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Pollution

For most of the time that humans have inhabited the earth our wastes were only of significance on a local level. In recent decades society has started to take seriously the impact of human actions on the planet in a broader sense. Pollution of the air, land and water comes from a variety of sources and continues to be a major issue for communities and countries across the globe. While measures have been taken to address pollution in various ways across many dimensions – from local waste collection and recycling programs to international hazardous waste protocols -- globalization has magnified the problems as pollution is often exported along with good and services. One of the major challenges of the 21st century is to find ways for a growing human population to reduce the amount and impact of contaminants we discharge to our shared natural resources.

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Accidental release source terms Last Updated on 2013-12-18 14:53:28 Accidental release source terms are the mathematical equations that quantify the flow rate at which accidental releases of air pollutants into the ambient environment can occur at industrial facilities such as petroleum refineries, natural gas processing plants, petrochemical and chemical plants, oil and gas transportation pipelines, and many other industrial facilities. Accidental releases in such facilities may occur through acts of nature (e.g., floods, hurricanes or earthquakes), operational errors, faulty design or inadequate  maintenance. Governmental regulations in a many countries require that the probability of such accidental releases be analyzed and their quantitative impact upon the environment and human health be determined so that mitigating steps can be planned and implemented. There are a number of mathematical calculation methods for determining the flow rate... More »
Hydrodesulfurization Last Updated on 2013-12-15 23:43:02 Hydrodesulfurization (HDS) or Hydrotreating is a catalytic chemical process widely used to remove sulfur compounds from refined petroleum products such as gasoline or petrol, jet fuel, diesel fuel, and fuel oils. One purpose for removing the sulfur is to reduce the sulfur dioxide emissions resulting from using those fuels in automotive vehicles, aircraft, railroad locomotives, ships, or oil burning power plants, residential and industrial furnaces, and other forms of fuel combustion. Another important reason for removing sulfur from the intermediate product naphtha streams within a petroleum refinery is that sulfur, even in extremely low concentrations, poisons the noble metal catalysts platinum and rhenium in the catalytic reforming units that are subsequently used to upgrade the of the naphtha streams. Hydrogenation of the sulfur compounds results in the formation of undesirable,... More »
Herman Daly Festschrift: Restructuring taxes to create an honest market Last Updated on 2013-10-07 22:49:40 The market is in many ways an incredible institution. It allocates resources with an efficiency that no central planning body can match and it easily balances supply and demand. The market has some fundamental weaknesses, however. It does not incorporate into prices the indirect costs of producing goods. It does not value nature’s services properly. And it does not respect the sustainable yield thresholds of natural systems. It also favors the near term over the long term, showing little concern for future generations. As economic decisionmakers—whether consumers, corporate planners, government policymakers, or investment bankers—we all depend on the market for information to guide us. In order for markets to work and economic actors to make sound decisions, the markets must give us good information, including the full cost of the products we buy. But the market is... More »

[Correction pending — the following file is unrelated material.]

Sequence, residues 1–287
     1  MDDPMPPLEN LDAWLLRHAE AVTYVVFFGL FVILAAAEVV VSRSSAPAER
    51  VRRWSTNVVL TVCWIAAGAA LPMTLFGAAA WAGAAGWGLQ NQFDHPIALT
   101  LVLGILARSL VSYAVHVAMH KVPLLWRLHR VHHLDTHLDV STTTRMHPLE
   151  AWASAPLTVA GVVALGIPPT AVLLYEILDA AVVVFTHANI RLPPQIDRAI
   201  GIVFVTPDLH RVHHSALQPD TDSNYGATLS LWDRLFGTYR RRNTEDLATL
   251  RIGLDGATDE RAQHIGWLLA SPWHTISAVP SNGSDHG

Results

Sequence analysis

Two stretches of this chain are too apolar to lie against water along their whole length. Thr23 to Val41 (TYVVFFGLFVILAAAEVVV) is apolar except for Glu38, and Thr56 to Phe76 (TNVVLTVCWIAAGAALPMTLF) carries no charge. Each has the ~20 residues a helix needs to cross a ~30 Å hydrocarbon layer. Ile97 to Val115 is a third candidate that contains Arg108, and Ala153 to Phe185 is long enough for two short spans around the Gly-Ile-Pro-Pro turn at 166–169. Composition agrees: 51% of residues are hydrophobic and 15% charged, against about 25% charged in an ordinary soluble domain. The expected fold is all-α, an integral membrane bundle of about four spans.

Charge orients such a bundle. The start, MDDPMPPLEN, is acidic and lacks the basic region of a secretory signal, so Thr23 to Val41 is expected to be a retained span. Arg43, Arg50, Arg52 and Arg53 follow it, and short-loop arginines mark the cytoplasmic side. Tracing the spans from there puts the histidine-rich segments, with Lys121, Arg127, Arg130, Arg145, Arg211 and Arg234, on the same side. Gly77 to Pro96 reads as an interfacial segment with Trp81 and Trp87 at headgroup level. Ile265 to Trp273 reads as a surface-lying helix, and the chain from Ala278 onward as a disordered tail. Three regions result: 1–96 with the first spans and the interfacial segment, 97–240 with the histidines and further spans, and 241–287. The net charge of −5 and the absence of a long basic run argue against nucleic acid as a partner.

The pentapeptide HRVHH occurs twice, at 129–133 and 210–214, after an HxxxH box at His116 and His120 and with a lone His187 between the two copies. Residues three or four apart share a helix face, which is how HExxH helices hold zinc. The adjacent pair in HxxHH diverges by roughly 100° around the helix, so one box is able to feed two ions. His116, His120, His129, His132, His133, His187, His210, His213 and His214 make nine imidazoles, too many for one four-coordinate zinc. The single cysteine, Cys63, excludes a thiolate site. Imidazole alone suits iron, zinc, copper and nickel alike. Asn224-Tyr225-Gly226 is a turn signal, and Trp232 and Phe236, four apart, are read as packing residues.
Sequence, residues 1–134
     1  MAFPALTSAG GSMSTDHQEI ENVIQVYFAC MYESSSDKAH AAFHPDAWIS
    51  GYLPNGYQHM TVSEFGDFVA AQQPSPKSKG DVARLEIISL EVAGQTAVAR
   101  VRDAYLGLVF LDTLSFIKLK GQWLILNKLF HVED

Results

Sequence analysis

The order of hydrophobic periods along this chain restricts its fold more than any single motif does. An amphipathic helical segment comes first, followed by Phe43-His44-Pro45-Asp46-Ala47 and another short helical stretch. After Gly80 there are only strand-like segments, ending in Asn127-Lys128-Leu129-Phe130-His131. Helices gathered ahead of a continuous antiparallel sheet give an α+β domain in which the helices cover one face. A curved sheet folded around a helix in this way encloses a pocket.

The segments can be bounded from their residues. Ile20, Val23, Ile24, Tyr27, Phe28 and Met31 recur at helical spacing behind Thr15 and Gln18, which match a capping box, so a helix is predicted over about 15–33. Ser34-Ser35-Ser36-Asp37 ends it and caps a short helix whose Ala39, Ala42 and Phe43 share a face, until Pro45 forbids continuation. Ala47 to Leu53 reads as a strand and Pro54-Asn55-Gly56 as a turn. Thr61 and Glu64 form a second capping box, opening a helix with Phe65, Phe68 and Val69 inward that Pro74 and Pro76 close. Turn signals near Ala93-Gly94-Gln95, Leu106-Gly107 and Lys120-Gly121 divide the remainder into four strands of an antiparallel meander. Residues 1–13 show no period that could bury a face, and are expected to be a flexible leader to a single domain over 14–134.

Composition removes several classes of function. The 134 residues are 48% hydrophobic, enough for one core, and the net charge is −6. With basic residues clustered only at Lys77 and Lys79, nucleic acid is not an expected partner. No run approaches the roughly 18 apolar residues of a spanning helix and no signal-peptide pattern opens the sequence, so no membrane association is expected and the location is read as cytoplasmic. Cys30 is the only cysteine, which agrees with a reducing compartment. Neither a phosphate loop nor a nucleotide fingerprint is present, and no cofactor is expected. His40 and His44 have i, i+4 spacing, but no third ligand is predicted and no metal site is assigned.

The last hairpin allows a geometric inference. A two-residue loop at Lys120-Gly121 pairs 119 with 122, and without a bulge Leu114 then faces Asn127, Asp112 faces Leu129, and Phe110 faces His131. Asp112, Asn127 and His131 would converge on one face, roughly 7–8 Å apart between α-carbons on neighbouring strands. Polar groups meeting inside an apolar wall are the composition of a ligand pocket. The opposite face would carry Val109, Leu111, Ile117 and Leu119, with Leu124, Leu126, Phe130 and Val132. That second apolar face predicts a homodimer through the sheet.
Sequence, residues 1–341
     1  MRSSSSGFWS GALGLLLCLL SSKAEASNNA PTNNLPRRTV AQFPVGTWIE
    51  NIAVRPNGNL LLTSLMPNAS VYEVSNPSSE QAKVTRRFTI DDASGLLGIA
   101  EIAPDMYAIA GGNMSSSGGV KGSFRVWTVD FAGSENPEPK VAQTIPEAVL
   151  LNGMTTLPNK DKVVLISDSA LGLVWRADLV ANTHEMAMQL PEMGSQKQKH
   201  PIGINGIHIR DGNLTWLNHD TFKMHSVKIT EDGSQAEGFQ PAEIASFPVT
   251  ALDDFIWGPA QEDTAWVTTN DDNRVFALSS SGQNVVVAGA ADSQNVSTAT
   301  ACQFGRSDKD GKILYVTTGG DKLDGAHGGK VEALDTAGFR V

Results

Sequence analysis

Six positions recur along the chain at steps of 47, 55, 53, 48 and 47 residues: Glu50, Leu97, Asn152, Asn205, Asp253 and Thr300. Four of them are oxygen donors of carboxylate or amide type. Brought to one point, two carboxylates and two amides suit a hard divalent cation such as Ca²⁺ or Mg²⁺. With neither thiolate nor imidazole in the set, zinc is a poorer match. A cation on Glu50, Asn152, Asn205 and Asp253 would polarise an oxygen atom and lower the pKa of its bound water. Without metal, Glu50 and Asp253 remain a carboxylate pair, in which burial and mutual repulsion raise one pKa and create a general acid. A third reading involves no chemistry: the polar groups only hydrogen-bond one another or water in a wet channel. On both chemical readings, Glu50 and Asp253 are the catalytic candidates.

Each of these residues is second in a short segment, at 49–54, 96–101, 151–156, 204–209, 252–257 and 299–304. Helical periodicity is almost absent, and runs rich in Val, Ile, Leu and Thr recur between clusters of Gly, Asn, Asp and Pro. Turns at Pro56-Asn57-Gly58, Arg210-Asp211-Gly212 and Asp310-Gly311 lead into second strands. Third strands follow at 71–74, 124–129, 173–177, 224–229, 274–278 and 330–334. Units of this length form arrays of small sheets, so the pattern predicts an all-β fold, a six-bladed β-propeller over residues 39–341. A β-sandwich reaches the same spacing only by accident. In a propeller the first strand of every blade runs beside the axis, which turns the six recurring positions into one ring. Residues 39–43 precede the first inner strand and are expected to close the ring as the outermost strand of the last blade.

Pollution Last Updated on 2013-09-22 22:58:20 Pollution is environmental contamination that results in harm or death to living organisms. Most pollution is in the form of chemical additions to air, water or soil; however, in modern times starting in the mid-twentieth century noise and light have been considered as pollution sources. Most pollution is man-made, with natural fluctuations in atmospheric composition, surface water bodies and soil considered temporal gyrations in the Earth's natural history. The chief driver of pollution is the massive growth in human population, which induces the proximate causes of intensive agriculture and extraordinary industrial output. The United Nations and the Blacksmith Institute[1] are two prominent organisations that tabulate locales of the greatest pollution intensity; while their listings do not correspond precisely, the overlap countries that both entities agree are the worst polluted... More »
Water pollution Last Updated on 2013-09-12 18:10:41 Water pollution is the contamination of natural water bodies by chemical, physical, radioactive or pathogenic microbial substances. Adverse alteration of water quality presently produces large scale illness and deaths, accounting for approximately 50 million deaths per year worldwide, most of these deaths occurring in Africa and Asia. In China, for example, about 75 percent of the population (or 1.1 billion people) are without access to unpolluted drinking water, according to China's own standards.[1] Widespread consequences of water pollution upon ecosystems include species mortality, biodiversity reduction and loss of ecosystem services. Some consider that water pollution may occur from natural causes such as sedimentation from severe rainfall events; however, natural causes, including volcanic eruptions and algae blooms from natural causes constitute a minute amount of the... More »